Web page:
This testimony also surveys some of the Commission’s most visible responses to the COVID-19 pandemic. Those actions were very timely, and extremely helpful. The EEOC’s pandemic guidance documents stand out in those respects. But even those had room for improvement, as I point out in Part III.

My hope is that this testimony, and that of others, will help inform the agency on possible future efforts and actions it might take to mitigate COVID-19’s implications for workers with disabilities.     

I. Our Own Client Stories

A. Teleworking

We reviewed several dozen of our own pandemic-related employment intakes from the last year. Over 60% involved an employer rejecting a telework accommodation, mostly for employees with a risk-factor disability, but in some cases needed by individuals who had a mental-health condition that was exacerbated by the pandemic.

These telework cases reflected a broad range of jobs. The most common setting was in the school context, both public and private, including teachers, coaches, administrators, counselors, instructional aides, and support personnel. We also had several intakes involving college professors and support personnel. But many other parts of the economy were also represented, including real-property management, real estate evaluation, state and municipal employees, mental-health and addiction counselors, social workers, call-center employees, technical writers, etc.

We heard from individuals with risk-factor disabilities whose jobs did not require interaction with others, but who were assigned new tasks or new work locations during the pandemic that increased their exposure to COVID-19. Others were permitted partial telework, but were refused a full-time remote assignment.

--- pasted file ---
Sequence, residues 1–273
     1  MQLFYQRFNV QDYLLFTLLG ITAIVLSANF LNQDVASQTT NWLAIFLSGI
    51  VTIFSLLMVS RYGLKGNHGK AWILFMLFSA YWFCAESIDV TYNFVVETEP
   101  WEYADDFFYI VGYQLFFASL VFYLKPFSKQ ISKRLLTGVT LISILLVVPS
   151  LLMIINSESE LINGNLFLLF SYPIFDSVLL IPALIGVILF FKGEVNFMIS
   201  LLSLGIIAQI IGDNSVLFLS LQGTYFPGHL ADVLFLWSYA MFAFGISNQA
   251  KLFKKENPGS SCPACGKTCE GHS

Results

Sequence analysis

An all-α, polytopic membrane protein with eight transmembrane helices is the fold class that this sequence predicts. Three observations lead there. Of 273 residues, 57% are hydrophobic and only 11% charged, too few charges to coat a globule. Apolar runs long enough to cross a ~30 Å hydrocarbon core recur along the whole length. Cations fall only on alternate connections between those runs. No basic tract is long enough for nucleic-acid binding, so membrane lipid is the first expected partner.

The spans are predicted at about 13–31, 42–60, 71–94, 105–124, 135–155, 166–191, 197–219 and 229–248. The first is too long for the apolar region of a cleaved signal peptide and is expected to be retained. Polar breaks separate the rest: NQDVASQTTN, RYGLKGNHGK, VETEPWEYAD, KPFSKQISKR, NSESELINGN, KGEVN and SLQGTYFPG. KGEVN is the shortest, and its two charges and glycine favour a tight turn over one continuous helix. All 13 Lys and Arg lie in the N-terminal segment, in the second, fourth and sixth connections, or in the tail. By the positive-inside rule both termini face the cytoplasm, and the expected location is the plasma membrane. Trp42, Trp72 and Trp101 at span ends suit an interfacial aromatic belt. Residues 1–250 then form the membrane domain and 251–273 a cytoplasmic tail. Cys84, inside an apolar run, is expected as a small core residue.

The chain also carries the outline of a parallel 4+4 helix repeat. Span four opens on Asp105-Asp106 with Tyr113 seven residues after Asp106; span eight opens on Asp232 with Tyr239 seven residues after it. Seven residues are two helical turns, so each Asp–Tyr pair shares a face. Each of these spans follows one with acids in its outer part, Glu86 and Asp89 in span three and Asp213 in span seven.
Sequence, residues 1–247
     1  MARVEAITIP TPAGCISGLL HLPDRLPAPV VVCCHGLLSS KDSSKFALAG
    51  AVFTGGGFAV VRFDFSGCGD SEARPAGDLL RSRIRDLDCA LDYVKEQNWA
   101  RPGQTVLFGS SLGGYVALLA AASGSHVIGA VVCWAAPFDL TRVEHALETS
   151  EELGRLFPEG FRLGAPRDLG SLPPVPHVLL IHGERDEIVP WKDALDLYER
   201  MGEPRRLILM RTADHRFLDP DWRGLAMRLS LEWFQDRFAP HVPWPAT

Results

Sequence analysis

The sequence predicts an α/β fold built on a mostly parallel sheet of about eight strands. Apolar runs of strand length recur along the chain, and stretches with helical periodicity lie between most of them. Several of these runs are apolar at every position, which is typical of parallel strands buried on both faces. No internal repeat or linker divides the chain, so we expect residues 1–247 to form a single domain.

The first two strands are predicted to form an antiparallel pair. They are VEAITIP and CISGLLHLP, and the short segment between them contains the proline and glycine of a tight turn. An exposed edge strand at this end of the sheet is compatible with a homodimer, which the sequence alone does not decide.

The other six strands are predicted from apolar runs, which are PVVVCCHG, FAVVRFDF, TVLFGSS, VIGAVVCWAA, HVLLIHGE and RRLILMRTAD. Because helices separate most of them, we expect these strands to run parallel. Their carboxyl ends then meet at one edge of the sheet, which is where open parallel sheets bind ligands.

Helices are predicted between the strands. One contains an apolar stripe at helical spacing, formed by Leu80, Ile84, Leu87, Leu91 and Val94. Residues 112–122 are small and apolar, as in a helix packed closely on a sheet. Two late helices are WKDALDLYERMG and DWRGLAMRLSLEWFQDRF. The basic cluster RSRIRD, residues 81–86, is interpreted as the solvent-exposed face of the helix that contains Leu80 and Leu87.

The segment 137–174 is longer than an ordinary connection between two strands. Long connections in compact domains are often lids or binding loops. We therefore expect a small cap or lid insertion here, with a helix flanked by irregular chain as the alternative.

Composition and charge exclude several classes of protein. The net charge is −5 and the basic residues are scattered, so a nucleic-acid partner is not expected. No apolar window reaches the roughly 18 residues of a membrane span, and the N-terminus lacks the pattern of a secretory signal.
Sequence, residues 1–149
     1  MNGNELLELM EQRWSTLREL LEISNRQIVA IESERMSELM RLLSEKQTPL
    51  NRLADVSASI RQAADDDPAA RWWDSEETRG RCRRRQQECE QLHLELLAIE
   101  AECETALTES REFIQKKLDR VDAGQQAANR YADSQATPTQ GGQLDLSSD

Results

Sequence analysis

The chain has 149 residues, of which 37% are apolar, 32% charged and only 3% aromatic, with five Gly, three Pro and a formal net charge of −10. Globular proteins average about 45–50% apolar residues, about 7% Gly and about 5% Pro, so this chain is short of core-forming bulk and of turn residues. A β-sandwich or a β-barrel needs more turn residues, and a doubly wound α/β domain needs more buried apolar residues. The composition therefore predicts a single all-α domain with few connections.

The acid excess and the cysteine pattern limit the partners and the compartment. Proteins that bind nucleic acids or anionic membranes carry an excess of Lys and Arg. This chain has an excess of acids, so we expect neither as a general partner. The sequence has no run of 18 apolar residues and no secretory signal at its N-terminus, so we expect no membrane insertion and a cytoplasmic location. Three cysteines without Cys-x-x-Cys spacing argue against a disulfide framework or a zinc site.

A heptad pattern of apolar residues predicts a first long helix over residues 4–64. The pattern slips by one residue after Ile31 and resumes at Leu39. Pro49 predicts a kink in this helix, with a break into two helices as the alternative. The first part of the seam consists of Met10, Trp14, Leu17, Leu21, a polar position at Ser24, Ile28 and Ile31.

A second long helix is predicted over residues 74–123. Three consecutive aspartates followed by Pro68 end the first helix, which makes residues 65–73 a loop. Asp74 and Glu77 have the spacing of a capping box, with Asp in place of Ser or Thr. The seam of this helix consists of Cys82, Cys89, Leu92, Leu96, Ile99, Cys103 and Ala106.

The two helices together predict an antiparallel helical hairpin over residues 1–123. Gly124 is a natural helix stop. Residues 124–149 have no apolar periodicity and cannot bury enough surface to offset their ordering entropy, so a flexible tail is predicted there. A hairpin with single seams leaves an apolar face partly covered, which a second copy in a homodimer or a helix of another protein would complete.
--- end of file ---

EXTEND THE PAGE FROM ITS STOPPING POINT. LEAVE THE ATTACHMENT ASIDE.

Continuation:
We also learned of employers refusing a telework accommodation because the individual was on an unrelated performance-improvement plan. Conditioning an accommodation in this way is generally inappropriate, but it was all the more problematic here because of the importance of remote working as a reasonable accommodation during the pandemic.

We were also told of an employer that denied telework as a reasonable accommodation, even when the entire company was teleworking because of the pandemic. The employer argued that 100% in-person attendance was an essential function of the job, so it would not accommodate the employee because at some point the COVID-19 restrictions would be lifted. This employee was fired.

Some employers demanded a specific date by which the employee could return to working in person. This information may now be available for many employees, as the dates of vaccination become known or likely. But early in the pandemic, doctors were often unable to provide this information, resulting in employers rejecting telework. Some employers have argued that the lack of a specific return-to-work date makes telework unreasonable. They bolster this argument by relying on cases involving “indefinite leave,” but telework cases are fundamentally different from those, in no small part because with telework, the employee continues to work throughout. We often heard about employers that refused to identify the essential functions they believed could not be performed remotely, preventing a meaningful “interactive process” designed to identify reasonable accommodations. Other employers rejected the doctor’s letter supporting an accommodation request, but for unspecified reasons, again preventing a meaningful dialogue.